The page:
DCCC Promises To Blacklist Firms That Work With Candidates Challenging Incumbents

The Democratic Congressional Campaign Committee announced Friday that it will not hire any private political vendors that provide services to Democratic primary challengers, and it will discourage individual House Democrats from doing so as well.

The announcement, first reported by The Intercept and National Journal, is a shot across the bow to insurgent candidates and the firms that work with them. It applies broadly to firms that do polling, advertising, digital consulting, fundraising and field organizing.

The DCCC’s new policy, which it sent to over 100 political firms on Friday, also laid out new diversity requirements aimed at ensuring the party employs firms that reflect its voters’ diversity along racial, gender and other lines.

A statement from DCCC Executive Director Allison Jaslow focused on the diversity efforts, rather than the blacklisting of firms. 

“The DCCC is responsible for protecting and growing our House majority, but I also know that we have the ability to set the course for the future of the Democratic party while we’re doing that,” Jaslow said. “Our voters are diverse, we are actively recruiting candidates to ensure their elected officials better reflect them, and we have a responsibility to do our best to ensure the political professionals we work with do so as well.”

Alexandria Ocasio-Cortez (N.Y.) had an upset win in 2018. The DCCC's new policy would blacklist any firms that work with cand



Alexandria Ocasio-Cortez (N.Y.) had an upset win in 2018. The DCCC’s new policy would blacklist any firms that work with candidates challenging Democratic incumbents in the House.

Despite the nod to diversity, the move appears designed to tamp down on growing anti-establishment energy in the left wing of the party. In the 2018 midterm elections, two progressives, Alexandria Ocasio-Cortez (N.Y.) and Ayanna Pressley (Mass.), succeeded in ousting two Democratic incumbents, sending shockwaves through the party establishment.

But the DCCC notes that the policy would apply equally to protecting left-leaning incumbents like Reps. Ocasio-Cortez (N.Y.) and Ilhan Omar (Minn.) as it would to more conservative House members like Dan Lipinski (Ill.).

Lipinski, an abortion rights opponent and immigration hardliner, was the target of a spirited ― if ultimately unsuccessful ― primary challenge in March 2018. Some more moderate groups and individuals have mused about the possibility of challenging Ocasio-Cortez and Omar from the right.

The ban would also not prevent the DCCC from partnering with groups like EMILY’s List and NARAL Pro-Choice America, which are not themselves political vendors but may have contracted with vendors that assisted primary challengers.

The new rules would also still allow individual House Democrats or House candidates to hire firms that work with primary challengers if they choose to do so. The firms would simply not be on the DCCC’s “preferred” vendor list.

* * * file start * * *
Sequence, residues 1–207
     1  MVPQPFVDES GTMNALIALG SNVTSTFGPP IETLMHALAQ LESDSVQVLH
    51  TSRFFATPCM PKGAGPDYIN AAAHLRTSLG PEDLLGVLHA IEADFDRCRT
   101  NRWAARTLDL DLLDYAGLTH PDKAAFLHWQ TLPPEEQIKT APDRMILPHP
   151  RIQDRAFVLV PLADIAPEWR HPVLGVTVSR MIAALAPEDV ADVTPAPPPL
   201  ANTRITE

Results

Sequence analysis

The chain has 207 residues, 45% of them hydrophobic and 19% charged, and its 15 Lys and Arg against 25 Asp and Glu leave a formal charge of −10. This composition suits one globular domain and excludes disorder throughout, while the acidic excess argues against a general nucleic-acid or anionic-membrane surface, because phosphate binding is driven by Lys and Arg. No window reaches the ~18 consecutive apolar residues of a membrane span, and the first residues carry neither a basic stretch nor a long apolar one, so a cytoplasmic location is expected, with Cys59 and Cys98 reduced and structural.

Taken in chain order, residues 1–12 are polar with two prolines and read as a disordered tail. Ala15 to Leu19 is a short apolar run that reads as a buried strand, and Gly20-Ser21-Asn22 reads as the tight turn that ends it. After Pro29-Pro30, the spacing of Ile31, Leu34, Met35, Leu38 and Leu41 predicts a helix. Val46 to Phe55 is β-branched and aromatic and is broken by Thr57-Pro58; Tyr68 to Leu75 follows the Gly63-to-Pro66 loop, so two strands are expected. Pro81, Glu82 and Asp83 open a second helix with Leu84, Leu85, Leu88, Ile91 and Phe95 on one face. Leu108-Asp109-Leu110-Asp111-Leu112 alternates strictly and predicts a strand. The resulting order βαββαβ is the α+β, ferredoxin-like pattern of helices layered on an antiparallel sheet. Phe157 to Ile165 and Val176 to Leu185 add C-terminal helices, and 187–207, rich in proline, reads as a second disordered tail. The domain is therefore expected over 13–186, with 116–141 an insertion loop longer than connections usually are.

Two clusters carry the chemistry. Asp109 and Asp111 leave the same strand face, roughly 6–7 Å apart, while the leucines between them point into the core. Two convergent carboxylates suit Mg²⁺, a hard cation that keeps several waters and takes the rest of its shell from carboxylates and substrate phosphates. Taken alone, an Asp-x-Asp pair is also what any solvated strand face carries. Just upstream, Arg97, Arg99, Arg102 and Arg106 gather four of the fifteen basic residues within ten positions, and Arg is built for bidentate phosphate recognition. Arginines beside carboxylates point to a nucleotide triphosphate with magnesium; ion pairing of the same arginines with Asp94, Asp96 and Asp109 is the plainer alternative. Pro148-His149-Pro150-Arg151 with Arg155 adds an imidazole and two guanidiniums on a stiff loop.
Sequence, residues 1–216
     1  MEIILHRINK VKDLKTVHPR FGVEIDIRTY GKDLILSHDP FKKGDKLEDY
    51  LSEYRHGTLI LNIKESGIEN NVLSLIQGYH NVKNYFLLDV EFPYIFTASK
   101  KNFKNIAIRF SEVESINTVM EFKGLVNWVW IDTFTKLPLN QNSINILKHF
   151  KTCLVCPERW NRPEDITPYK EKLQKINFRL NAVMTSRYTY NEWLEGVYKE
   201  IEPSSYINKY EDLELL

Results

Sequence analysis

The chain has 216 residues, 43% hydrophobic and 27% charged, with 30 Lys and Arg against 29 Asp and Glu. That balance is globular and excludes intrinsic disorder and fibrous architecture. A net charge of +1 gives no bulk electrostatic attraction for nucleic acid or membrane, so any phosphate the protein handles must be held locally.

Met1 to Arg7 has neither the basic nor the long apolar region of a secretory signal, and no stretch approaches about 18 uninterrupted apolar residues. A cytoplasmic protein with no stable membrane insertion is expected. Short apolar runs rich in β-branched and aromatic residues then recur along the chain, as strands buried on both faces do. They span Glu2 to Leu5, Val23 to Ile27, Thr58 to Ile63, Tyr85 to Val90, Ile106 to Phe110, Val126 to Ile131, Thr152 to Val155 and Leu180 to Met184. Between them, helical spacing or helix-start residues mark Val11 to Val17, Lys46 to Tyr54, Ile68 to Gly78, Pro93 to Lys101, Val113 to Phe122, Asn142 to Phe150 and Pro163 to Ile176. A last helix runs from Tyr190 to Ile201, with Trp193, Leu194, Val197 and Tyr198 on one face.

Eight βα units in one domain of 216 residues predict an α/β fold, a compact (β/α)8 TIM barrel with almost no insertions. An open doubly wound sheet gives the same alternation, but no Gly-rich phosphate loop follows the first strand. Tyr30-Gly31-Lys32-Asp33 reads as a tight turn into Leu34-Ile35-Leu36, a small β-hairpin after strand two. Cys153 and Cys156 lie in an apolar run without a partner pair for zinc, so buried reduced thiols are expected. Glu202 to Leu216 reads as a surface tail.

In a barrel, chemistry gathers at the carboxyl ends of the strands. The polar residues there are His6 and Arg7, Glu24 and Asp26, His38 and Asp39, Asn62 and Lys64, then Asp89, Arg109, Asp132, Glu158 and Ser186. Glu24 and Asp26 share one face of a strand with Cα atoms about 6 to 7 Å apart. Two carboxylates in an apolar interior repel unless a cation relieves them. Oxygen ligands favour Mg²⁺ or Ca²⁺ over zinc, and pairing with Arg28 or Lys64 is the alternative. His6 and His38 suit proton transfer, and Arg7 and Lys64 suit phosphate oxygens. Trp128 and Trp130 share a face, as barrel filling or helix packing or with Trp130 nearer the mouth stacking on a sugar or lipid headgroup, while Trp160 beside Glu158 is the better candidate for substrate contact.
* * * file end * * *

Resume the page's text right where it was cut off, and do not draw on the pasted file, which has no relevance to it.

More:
The DCCC emphasizes that as an organization, it is singularly dedicated to protecting Democrats’ majority in the House. But some progressive critics of the decision note that left-wing groups have only sought to target incumbent Democrats in deep blue districts, ensuring that their work would not jeopardize the Democratic majority.

Alexandra Rojas, executive director of Justice Democrats, which was active in Ocasio-Cortez and Pressley’s primary wins, claimed that the party campaign arm preferred conservative Democrats like Lipinski and Rep. Henry Cuellar (Texas) over “a new, diverse generation of courageous leadership.” Justice Democrats is recruiting candidates to try to challenge Cuellar in 2020.

One Democratic strategist said that while it’s understandable the DCCC wants to protect its incumbents, it was a bad idea to blacklist firms that work with challengers. There are only a limited number of races, and the party already tends to work with the established firms.

“It’s bad for them, and everyone else, long-term to cut off new and young people and consultants,” he said. “Any bigger or established firm now got its start challenging someone.”

Barring upstart firms, which may be more diverse, could also end up undermining the DCCC’s commitment to diversity, the strategist said. The Democratic Governors Association, which helps elect and re-elect Democratic governors, does not have a similar policy.

Faced with an insurgency several years earlier than Democrats, however, national Republicans took similarly dramatic steps to punish those who would aid primary challengers. In 2013, the National Republican Senatorial Committee barred the firm Jamestown Associates from receiving any NRSC contracts, after Jamestown consulted for the Senate Conservatives Fund, which tried to oust Senate Republican leader Mitch McConnell (Ky.).

A national Republican strategist applauded his Democratic counterparts for learning from the GOP’s difficulties with an aggressive anti-establishment wing.

“Republicans spent three cycles figuring this out. Democrats have the benefit of seeing what we eventually figured out,” the strategist said. “This might help them defeat the lunacy faster.”

This is a developing story. Please check back for updates.

Kevin Robillard and Amanda Terkel contributed reporting.

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